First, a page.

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An international group of researchers developed “Immunoscore” to help predict if and when colon cancer may recur. They published their results in The Lancet.
“Will it come back?” This is a million dollar question from cancer survivors to their doctor. Until recently, the tests used to predict the recurrence of colon cancer only provided a moderate level of accuracy.
Researchers have set out to find a better way of predicting whether colon cancer would return. They had a hunch that a particular type of cell, called a cytotoxic T cell, may help them find the answer.
Cytotoxic T cells can kill cancer cells
A cytotoxic T cell is a type of immune cell found naturally in the body that can kill cancer cells. Scientists have known since 1900 that the presence of these cells in tumors is a good sign. Scientific publications over many years have also put forward the idea that immune cells can tell us about the likelihood of tumor recurrence.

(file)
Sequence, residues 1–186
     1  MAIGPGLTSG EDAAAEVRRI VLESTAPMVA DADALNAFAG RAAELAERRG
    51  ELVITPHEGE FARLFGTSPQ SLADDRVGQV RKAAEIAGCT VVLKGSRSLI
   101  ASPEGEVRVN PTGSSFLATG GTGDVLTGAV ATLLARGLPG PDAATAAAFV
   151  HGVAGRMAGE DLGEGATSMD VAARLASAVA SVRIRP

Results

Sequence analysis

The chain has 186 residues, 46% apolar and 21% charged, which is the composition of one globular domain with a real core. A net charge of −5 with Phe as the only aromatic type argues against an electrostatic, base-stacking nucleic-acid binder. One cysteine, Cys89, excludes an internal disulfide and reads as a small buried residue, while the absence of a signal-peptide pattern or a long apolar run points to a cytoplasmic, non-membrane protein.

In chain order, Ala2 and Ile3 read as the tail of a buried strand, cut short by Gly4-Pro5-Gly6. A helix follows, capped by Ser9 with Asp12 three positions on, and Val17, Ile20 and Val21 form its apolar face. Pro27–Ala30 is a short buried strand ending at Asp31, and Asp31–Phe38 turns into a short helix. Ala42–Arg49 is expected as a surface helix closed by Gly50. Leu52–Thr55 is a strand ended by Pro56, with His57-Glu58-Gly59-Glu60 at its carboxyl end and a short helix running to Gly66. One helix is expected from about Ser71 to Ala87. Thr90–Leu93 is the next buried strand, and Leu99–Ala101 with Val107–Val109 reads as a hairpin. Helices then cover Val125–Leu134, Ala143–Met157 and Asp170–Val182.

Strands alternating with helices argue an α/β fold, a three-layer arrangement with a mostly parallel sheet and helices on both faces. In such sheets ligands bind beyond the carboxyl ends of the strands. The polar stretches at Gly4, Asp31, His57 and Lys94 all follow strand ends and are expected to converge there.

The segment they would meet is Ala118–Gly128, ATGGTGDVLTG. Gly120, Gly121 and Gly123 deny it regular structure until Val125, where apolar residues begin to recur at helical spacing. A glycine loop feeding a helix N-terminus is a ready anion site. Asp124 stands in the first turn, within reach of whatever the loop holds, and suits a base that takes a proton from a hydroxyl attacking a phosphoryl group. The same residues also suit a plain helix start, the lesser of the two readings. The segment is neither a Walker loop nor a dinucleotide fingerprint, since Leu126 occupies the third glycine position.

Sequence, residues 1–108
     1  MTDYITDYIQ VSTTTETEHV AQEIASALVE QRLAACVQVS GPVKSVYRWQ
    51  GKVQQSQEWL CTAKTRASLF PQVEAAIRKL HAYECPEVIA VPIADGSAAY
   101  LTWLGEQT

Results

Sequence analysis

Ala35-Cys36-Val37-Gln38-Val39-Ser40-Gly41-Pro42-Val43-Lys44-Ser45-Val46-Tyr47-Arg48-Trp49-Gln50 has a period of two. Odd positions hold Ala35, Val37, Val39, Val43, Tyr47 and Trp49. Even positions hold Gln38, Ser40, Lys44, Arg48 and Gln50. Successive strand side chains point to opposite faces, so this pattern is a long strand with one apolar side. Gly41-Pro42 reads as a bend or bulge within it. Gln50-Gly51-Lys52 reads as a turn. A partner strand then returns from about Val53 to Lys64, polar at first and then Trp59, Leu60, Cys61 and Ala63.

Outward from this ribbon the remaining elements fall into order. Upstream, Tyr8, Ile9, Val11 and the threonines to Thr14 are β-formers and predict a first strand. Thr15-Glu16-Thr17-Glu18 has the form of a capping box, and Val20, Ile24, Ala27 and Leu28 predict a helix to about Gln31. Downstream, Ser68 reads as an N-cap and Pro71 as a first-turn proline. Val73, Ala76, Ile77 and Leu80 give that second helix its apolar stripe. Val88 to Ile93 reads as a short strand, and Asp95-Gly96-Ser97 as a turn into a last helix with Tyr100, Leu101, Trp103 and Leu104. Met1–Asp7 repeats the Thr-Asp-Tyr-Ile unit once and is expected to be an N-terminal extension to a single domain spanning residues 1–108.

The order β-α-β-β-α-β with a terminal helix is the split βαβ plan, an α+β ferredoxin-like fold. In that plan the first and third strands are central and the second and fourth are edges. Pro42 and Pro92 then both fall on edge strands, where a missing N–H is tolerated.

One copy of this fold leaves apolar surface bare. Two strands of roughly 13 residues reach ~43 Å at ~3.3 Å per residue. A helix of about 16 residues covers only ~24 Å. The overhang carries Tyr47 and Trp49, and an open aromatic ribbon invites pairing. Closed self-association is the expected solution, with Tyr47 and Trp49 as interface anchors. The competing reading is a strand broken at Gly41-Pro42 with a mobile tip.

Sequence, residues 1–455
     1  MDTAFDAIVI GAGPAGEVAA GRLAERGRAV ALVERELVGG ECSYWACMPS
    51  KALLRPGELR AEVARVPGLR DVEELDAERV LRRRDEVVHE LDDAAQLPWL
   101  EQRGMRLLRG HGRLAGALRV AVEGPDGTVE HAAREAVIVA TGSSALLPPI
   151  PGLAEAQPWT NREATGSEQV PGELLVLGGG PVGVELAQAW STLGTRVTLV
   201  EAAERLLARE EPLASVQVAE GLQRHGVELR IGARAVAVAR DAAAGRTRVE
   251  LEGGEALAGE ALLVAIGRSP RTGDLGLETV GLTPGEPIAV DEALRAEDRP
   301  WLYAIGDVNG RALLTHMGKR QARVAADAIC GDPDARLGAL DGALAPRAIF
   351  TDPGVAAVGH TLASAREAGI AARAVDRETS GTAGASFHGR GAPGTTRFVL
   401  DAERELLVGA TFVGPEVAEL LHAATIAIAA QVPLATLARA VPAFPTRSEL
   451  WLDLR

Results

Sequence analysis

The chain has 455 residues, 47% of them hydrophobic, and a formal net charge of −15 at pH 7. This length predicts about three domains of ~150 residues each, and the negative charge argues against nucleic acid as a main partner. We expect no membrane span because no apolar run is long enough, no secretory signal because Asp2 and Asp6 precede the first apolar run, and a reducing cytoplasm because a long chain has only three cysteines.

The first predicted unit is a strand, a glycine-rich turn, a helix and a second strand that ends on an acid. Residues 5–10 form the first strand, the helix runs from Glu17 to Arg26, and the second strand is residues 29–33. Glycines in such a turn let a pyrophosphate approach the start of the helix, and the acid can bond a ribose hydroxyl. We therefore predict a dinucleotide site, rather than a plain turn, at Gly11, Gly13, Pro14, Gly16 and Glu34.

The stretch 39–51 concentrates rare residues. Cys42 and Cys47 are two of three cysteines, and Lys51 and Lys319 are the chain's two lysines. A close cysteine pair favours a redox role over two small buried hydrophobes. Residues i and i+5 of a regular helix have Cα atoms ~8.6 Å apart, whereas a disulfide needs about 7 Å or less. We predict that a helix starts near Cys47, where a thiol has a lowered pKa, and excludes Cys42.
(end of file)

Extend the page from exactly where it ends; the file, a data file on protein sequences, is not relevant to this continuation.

In 2012, a decision was made with the Society for the Immunotherapy of Cancer to develop an “Immunoscore” scoring system. An international group of researchers tested the accuracy of the Immunoscore in predicting which colon cancer patients were at risk of recurrence. Their findings were published in The Lancet.
For the study, they looked at tumors taken from 2681 colon cancer patients under a microscope. Using special computer software, the density of two types of T cells was calculated. The researchers followed the patients for an average of five years. The results showed that patients who had a high Immunoscore had the lowest risk of recurrence at the five-year mark.
Immunoscore can also identify tumors likely to spread
Fourteen different centres worldwide participated in the study, and all found the same results. Immunoscore compared favorably with other existing tests of recurrence. These findings confirmed the value of this new test.
Immunoscore has other exciting applications. The authors of the publication indicate that Immunoscore can also identify tumors that are likely to spread to other parts of the body. The scoring system is also being looked at as a predictor of a patient’s response to immunotherapy or chemotherapy.
The researchers suggest that Immunoscore be used as part of a system to classify cancers. As such it would constitute the first classification of cancer-based on the immune system.
(1) Pagès F, Mlecnik B, Marliot F, et al. International validation of the consensus Immunoscore for the classification of colon cancer: a prognostic and accuracy study. Lancet. 2018. doi:10.1016/S0140-6736(18)30789-X
(2) Sidaway P. Immunoscore provides a more accurate prognosis. Nat Rev Clin Oncol. 2018. doi:10.1038/s41571-018-0050-y.